Your Carbon Footprint At the End of Your Fork

Yikes! My Food Has a Footprint Too

This week, my son and I visited the New Mexico Museum of Natural History and Science. As part of an exhibit, “Degrees of Change“, visitors can select items from a menu and calculate the carbon footprint of their meal.

Ian had a great time checking out the footprint of various foods. According to the exhibit, a carbon-intensive meal is one that puts out over 2000 grams of CO2 into the atmosphere. You might be surprised to find out that yummy beef filet alone puts out 4000 grams of CO2.

Water Footprint of Food

When we think about our footprint, we should also consider the hefty water component of our carnivorous cravings. According to Hoekstra and Chapagain, it takes 2400 litres (over 600 gallons) of water to produce one hamburger.

Today, modern humans are watching the rapid melt of glaciers from warming temperatures. In a world that has only a 3% supply of fresh water, we are pumping ground water aquifers at a faster rate than Mother Nature can replenish them. And, the pollution of existing water supplies is happening at almost warp speed. You might wonder why intelligent people don’t ask, “is how I eat really sustainable?“.

Alternatives to the Standard American Diet

There is no question that industrial agriculture has an enormous footprint and the existence of CAFOs with their great shit lakes are not sustainable for the planet.

Small farmers raising their cattle or chickens in a more holistic way, like Joel Salatin of Polyface farms, are far better for the health of the planet. But can the earth really support 7 billion or more humans eating a locally-raised organic meat-intensive diet? That answer is probably no.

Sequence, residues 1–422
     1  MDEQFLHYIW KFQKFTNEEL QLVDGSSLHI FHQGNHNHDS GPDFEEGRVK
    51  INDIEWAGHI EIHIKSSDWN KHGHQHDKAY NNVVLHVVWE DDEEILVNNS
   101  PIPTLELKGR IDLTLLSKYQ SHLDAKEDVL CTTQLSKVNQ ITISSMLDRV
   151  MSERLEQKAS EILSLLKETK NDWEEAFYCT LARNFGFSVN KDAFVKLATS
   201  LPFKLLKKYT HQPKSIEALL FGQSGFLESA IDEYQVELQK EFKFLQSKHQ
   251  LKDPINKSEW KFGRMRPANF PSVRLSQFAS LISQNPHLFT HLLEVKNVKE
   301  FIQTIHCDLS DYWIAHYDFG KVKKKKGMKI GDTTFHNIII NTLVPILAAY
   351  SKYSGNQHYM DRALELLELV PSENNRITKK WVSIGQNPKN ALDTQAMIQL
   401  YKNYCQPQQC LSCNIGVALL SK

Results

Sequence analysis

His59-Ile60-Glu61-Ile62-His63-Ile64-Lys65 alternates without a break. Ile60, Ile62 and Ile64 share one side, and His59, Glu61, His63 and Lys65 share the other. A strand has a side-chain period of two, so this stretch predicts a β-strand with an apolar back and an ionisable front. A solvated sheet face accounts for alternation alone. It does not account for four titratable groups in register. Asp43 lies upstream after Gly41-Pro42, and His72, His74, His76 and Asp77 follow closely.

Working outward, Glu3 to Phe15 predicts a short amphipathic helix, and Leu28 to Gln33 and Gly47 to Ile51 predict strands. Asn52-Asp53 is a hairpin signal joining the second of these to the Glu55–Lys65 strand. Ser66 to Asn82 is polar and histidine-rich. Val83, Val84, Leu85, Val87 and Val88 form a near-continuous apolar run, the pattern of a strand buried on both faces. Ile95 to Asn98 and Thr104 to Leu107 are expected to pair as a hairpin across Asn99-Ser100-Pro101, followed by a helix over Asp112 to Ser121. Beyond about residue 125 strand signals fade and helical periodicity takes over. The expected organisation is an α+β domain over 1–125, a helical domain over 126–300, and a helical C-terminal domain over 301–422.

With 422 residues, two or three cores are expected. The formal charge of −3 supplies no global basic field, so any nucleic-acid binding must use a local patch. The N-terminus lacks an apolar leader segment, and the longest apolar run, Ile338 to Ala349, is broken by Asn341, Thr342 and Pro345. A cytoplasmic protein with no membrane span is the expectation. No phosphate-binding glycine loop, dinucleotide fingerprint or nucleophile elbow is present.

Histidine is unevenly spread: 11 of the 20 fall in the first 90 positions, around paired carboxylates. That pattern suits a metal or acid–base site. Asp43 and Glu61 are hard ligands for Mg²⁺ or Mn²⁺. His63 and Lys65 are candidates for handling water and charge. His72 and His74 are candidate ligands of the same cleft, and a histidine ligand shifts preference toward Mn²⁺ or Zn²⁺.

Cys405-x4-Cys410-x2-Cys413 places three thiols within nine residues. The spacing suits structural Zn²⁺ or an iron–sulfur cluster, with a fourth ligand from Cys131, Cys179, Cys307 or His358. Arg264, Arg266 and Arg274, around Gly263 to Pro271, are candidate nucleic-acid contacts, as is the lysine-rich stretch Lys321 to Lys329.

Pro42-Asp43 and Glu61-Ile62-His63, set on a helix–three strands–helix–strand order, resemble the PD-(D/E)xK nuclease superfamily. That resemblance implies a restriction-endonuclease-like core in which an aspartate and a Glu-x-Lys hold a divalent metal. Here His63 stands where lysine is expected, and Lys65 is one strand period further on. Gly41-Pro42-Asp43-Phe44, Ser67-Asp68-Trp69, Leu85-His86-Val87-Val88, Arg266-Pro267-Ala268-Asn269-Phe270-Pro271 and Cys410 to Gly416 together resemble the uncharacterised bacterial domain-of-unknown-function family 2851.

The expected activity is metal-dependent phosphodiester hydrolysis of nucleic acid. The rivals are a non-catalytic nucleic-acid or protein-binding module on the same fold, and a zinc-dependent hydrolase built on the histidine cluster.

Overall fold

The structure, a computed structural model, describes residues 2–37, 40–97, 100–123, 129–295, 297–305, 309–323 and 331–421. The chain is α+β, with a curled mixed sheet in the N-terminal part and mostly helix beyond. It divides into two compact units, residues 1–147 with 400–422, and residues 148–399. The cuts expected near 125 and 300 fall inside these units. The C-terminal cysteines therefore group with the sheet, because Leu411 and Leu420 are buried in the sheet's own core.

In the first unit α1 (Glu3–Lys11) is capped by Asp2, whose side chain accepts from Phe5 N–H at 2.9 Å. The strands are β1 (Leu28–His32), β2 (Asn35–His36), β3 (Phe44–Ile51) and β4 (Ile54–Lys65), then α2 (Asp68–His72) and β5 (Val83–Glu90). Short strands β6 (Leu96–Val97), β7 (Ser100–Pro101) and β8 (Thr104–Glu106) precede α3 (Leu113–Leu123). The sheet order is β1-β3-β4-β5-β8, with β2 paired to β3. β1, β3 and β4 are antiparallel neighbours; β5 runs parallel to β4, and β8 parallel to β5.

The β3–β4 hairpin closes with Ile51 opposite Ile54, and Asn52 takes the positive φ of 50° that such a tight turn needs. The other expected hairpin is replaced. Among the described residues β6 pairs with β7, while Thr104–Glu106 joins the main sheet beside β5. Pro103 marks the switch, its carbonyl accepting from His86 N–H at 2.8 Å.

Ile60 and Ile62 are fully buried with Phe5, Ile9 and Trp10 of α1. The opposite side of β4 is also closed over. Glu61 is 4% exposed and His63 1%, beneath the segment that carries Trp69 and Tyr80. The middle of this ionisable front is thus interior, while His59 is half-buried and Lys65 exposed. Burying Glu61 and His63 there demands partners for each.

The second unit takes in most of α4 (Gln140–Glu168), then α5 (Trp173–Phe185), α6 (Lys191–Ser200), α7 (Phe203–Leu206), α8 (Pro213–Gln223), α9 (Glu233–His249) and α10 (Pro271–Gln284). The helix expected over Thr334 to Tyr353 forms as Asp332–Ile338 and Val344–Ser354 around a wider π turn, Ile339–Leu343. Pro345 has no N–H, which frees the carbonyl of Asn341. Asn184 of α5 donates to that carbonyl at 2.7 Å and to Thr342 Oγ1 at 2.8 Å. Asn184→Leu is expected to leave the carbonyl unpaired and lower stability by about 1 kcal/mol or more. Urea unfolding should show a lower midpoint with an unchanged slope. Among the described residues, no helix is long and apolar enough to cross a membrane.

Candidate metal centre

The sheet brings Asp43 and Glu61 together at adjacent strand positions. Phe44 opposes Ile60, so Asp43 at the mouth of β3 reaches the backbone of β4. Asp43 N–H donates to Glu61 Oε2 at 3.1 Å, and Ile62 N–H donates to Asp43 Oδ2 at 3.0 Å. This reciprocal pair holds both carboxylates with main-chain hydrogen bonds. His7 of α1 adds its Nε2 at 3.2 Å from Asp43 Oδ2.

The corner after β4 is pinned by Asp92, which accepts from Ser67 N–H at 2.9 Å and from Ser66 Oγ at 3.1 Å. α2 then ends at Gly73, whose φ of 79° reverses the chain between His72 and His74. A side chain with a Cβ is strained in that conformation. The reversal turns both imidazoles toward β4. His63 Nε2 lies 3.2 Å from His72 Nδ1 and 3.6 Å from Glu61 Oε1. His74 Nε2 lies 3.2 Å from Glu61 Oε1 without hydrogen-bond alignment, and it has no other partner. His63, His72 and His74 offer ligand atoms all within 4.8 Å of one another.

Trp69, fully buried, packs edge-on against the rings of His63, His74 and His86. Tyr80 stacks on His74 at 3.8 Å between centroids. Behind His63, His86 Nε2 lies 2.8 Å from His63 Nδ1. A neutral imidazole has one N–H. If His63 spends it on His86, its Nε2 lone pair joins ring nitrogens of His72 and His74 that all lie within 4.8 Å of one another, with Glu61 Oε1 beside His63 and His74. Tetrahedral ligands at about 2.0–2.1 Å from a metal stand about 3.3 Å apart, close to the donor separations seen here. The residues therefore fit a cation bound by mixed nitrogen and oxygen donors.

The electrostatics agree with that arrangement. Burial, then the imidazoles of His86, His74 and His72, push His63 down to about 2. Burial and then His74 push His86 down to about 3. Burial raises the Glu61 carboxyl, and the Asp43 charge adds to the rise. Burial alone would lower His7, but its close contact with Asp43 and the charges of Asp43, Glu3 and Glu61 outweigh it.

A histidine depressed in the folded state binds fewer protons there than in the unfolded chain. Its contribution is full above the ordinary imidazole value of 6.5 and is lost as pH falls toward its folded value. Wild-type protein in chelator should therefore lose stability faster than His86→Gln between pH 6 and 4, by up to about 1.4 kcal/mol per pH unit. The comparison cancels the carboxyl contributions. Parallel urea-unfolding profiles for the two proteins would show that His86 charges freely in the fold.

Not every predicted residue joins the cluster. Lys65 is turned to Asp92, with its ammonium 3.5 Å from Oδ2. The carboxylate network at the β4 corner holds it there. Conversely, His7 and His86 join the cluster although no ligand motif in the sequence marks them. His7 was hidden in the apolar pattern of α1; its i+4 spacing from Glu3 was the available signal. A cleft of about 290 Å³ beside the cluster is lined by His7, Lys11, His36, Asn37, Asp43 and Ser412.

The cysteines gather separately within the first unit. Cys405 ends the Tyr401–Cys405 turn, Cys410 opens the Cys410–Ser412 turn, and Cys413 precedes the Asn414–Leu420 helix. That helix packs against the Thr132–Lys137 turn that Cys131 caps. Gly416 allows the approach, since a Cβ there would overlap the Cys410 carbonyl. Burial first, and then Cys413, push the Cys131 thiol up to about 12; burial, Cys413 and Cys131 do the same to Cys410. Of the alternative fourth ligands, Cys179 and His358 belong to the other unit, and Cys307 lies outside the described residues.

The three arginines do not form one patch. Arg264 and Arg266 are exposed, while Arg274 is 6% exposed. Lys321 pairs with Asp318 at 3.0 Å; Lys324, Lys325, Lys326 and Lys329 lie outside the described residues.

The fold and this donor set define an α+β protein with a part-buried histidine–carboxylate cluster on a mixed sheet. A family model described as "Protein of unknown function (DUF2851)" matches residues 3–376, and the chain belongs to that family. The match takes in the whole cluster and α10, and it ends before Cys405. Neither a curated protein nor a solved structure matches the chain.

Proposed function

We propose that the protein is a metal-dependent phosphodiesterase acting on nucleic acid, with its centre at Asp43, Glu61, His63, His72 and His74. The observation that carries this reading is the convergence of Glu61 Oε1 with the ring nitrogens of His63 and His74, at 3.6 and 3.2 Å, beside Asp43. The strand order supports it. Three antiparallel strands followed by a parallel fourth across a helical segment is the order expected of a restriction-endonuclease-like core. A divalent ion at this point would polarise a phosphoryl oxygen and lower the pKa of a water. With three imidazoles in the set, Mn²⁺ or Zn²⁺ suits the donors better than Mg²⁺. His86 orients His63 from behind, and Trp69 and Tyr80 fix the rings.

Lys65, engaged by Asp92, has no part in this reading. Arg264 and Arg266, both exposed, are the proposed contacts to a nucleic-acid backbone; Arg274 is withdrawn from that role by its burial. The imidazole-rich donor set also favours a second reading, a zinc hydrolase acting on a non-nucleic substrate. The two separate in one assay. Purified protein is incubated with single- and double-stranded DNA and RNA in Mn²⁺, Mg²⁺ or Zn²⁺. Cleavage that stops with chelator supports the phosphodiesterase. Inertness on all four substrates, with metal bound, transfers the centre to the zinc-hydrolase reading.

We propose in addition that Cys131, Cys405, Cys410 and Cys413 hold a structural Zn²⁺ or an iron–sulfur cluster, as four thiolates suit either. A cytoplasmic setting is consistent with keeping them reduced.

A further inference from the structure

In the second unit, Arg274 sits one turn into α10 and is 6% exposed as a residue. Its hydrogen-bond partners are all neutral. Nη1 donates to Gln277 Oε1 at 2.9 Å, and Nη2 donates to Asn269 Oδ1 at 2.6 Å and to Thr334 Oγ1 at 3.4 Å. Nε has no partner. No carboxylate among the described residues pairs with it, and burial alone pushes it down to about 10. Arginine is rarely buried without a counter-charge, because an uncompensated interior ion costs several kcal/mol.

While this post is not advocating you become a vegan or vegetarian, I suggest you check out some cool ways to decrease your meat intake like Meat Free Mondays. Or opt for only eating meat once a day, like Lance Armstrong. Armstrong says his mostly vegan diet has brought him increased energy, and he saw a significant difference after the first month. That sounds like it could be a good place to start. And, this might just serve as a gateway drug to a different way of eating.

Personally, I stopped eating meat because of the factory farming. What I discovered was that I felt a lot better without it. And, I never missed it much. I think for most people meat is the path of least resistance. In the beginning, it can be difficult to find alternatives. But, most likely, when you do, you won’t regret doing without.


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